Somewhere on a playground, a little boy will push a little girl today, and when she cries to her parents, they will laugh at how cute his crush on their little girl is. She will be comforted by the belief that when a little boy on the playground has a crush on her that's how he shows it.
Years later that little boy will then express jealousy at the other boys showing interest and her peers would wish that a boy paid them that kind of attention. How cute is his jealousy, he must really like her!
At home, he is told that he should protect his little sister on the playground and he is well praised when he defends her honour by whooping the boy's butt for trying to be cute (just as he did with the other girl). Fighting for girls you love is honourable, he is meant to be their protector. And of course, the girls are taught to respect a guy who would fight for you—never really understanding the difference between defending your honour, being overprotective and moving into the downright territorial category.
All these mixed messages taught at a young age and we wonder why it's difficult for women in abusive situations to spot it and run fast from it.
Then to top it all off, girls are being encouraged to do better and better at school while “boys will be boys” and "they take longer to settle". Simultaneously, we are still ensuring that men know their rightful role of provider—we ensure they know it, we just forget to equip them to execute it. Leaving them frustrated because the girls are out there soaring, and they are struggling to be "the leader". So they desperately grasp at the only thing that allows them any sort of control—their physical strength, it's the one thing they still have over us. "Me man, me must show woman who is boss in this house."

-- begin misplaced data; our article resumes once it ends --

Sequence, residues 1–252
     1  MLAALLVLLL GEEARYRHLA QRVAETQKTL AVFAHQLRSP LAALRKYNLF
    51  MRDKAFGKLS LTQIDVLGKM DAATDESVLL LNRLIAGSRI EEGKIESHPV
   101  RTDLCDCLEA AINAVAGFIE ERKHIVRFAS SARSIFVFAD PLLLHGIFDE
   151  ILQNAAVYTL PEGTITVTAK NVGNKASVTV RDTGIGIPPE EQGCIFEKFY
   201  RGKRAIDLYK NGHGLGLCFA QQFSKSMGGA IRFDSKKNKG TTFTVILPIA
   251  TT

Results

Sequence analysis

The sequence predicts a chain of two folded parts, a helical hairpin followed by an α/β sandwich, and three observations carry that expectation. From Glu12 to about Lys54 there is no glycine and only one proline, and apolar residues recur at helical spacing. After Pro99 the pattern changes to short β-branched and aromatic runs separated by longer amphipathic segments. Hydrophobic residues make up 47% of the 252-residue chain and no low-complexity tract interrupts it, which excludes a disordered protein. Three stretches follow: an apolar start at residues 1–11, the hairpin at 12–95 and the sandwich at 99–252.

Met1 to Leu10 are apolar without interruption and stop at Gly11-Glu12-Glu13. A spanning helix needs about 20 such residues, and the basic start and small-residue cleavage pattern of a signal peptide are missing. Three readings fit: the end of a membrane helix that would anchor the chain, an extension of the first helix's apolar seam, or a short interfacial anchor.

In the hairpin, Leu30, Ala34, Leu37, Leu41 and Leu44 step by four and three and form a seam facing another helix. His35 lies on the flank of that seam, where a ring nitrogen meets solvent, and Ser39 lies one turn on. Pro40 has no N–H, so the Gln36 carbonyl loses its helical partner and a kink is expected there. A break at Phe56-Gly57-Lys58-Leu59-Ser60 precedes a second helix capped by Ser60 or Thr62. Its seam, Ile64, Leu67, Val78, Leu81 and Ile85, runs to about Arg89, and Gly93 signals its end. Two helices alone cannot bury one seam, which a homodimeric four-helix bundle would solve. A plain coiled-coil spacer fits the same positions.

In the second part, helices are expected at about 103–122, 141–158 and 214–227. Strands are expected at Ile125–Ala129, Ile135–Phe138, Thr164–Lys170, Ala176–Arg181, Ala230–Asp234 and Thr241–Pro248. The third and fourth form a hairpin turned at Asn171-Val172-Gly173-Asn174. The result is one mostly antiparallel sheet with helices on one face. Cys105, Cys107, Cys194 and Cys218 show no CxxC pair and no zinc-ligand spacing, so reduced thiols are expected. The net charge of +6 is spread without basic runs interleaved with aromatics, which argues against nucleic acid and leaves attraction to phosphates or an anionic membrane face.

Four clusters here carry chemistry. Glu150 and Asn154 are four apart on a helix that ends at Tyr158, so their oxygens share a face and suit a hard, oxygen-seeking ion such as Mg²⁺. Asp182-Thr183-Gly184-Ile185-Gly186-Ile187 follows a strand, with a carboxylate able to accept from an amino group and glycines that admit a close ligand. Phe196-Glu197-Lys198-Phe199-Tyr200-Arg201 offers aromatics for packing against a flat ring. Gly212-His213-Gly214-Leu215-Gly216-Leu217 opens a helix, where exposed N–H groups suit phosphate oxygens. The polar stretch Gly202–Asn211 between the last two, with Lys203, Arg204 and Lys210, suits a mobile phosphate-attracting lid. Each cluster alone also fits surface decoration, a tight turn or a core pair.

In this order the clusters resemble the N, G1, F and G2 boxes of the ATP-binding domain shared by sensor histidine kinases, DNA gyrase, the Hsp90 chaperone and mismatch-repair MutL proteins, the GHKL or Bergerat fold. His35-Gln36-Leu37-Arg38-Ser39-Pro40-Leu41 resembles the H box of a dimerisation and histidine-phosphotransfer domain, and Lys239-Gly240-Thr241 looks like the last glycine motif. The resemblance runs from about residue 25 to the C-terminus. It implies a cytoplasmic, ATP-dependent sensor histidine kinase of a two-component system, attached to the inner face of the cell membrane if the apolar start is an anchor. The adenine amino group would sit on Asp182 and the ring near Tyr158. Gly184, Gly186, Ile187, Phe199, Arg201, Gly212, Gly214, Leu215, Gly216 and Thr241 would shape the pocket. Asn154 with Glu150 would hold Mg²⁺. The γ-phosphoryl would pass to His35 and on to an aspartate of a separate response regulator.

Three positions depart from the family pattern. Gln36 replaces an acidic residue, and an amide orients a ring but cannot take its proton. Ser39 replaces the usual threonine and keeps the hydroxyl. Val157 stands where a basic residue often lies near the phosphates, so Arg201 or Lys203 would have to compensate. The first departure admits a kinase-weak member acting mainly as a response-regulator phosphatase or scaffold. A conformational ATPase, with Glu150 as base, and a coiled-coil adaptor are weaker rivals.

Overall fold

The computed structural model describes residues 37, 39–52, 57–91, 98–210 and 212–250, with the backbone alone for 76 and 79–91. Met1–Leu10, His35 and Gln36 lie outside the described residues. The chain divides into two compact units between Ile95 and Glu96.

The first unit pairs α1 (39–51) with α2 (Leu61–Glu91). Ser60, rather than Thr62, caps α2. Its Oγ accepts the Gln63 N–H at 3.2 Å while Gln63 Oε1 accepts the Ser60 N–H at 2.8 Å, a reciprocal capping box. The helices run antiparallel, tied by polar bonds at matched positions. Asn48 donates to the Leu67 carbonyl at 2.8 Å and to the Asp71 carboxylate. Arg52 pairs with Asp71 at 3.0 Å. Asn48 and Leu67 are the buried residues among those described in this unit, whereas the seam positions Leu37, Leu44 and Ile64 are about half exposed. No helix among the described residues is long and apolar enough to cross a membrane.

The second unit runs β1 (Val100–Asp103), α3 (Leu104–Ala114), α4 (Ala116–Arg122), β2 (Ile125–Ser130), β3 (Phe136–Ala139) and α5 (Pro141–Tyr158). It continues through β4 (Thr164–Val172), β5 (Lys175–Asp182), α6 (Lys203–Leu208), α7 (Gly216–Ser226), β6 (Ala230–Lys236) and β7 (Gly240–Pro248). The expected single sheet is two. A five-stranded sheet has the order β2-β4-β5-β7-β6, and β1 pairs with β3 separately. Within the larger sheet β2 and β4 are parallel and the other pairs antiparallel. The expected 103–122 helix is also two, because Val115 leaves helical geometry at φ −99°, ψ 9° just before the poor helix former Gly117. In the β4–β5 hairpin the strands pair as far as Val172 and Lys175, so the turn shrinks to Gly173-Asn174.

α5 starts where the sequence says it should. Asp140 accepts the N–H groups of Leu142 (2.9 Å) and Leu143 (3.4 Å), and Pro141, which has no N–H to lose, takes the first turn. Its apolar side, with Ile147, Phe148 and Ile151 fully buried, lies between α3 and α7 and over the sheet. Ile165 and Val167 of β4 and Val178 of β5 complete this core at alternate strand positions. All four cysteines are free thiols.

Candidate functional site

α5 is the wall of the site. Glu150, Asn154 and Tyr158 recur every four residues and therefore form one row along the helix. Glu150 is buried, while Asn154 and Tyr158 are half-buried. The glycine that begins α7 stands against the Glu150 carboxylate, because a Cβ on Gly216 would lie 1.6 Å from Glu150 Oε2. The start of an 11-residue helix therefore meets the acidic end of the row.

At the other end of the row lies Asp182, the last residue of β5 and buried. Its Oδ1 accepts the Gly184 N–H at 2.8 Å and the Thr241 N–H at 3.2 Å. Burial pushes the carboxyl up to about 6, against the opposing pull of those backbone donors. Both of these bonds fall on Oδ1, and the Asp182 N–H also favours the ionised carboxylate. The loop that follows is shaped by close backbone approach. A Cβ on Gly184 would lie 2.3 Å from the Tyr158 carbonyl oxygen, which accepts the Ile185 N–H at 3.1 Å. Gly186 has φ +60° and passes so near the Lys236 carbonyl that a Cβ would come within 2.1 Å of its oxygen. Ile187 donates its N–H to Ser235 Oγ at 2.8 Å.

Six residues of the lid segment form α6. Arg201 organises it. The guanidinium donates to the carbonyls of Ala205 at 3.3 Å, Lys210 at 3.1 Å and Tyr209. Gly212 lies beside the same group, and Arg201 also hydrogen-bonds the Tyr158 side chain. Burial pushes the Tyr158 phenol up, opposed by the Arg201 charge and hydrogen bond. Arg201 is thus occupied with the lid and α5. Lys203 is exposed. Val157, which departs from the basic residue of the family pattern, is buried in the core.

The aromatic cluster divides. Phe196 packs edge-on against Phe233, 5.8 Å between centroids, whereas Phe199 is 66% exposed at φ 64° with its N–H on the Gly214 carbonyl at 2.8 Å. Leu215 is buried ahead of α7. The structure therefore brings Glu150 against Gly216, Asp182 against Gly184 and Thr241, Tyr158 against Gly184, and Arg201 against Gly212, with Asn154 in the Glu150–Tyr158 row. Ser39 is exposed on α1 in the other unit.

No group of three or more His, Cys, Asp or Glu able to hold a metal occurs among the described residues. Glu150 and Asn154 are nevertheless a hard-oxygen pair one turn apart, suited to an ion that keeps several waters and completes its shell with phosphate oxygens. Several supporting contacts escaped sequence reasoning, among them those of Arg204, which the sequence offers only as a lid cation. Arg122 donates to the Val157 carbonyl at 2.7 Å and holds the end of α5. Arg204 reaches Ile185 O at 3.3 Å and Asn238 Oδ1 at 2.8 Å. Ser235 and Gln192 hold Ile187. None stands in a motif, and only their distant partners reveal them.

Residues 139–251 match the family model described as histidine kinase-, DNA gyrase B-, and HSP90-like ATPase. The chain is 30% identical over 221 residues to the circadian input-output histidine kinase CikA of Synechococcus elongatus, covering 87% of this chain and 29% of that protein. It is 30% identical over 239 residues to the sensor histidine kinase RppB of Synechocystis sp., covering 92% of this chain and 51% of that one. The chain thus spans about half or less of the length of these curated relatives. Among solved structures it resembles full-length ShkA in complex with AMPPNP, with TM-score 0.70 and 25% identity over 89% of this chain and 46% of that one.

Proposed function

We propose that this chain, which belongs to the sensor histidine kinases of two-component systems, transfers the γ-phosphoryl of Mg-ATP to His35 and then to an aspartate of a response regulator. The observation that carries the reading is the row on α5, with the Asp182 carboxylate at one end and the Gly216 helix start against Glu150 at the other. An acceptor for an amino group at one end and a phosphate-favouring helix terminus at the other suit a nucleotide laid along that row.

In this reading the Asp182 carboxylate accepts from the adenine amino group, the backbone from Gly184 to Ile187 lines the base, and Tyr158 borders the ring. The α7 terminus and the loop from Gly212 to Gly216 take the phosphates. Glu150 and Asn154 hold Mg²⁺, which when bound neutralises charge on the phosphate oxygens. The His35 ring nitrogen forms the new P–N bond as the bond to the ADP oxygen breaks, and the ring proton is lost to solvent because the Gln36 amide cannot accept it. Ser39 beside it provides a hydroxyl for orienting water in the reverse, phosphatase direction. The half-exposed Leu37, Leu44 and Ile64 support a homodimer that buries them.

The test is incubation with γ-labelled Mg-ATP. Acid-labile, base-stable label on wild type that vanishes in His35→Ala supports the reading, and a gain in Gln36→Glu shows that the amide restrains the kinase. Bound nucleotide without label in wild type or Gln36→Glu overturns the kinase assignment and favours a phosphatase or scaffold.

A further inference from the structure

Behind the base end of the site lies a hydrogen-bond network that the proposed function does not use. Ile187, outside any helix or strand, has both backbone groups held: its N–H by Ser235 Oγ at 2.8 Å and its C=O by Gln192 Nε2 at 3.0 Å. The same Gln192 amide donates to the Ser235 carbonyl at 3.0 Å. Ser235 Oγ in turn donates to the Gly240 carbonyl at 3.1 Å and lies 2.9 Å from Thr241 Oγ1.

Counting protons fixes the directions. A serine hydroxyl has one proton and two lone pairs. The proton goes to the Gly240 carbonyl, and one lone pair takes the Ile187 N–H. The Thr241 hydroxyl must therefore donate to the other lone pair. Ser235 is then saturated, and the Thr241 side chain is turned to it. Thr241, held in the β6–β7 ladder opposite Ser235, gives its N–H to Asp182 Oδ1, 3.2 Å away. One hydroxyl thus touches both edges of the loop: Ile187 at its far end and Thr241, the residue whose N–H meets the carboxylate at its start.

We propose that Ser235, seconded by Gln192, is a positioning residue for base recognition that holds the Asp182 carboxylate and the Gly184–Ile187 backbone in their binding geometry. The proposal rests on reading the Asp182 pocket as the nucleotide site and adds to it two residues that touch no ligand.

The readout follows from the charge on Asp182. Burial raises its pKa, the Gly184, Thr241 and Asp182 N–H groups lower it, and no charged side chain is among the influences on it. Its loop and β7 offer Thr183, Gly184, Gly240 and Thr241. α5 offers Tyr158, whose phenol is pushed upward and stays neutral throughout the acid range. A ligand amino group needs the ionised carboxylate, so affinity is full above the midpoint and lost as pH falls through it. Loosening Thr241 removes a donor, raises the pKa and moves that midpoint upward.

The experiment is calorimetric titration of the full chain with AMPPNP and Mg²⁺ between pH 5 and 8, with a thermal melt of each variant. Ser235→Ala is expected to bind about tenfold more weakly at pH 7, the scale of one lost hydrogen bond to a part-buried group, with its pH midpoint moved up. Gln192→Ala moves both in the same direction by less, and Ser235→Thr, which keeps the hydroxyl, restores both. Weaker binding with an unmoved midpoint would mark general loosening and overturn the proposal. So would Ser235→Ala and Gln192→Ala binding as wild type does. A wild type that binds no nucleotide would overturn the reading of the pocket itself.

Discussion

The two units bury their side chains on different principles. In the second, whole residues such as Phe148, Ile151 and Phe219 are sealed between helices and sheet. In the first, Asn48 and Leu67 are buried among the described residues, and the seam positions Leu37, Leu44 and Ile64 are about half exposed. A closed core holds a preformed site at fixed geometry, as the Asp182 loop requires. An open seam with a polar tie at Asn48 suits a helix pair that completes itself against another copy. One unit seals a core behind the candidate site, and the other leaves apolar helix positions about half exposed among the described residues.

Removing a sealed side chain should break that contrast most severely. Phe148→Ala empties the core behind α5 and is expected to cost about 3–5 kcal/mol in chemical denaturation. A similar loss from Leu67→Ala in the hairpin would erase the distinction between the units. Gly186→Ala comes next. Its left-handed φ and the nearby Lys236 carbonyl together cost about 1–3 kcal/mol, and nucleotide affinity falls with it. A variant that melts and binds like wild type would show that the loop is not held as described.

Women are being empowered and men are not being equipped to handle the changing times. They are either not growing equally as fast to remain the tribe's leader or they are too proud to step aside and give up the role. On the flip side, these same empowered women are still being taught to want a man that can lead, that will fight for you, provide, and protect. This, of course, leaves the new-found overly successful breed of women disenchanted and stuck.
As a society, we have got to take stock of our playground behaviours that quite frankly become poor bedroom behaviour. If your son has a crush on a girl, pick a flower, don't pick a fight.
In addition, if leadership is a male role in your value system, then might I suggest parents, step your game much higher up, because today's women can vote, can drive, can earn their own incomes, and they aren't at the mercy of mediocrity, so raise mighty men, otherwise rethink the leadership role and do us all a favour and socialise them differently.
Violence against women is spiralling out of control. The number of women murdered due to intimate partner violence has steadily increased in the last five years and doubled in some cases. This has got to stop, and more legislation and policing isn't going to do it all. The authorities will say, and I agree, the cases are simply too many for even the best of systems to process efficiently. This epidemic started at home and this is where it must end!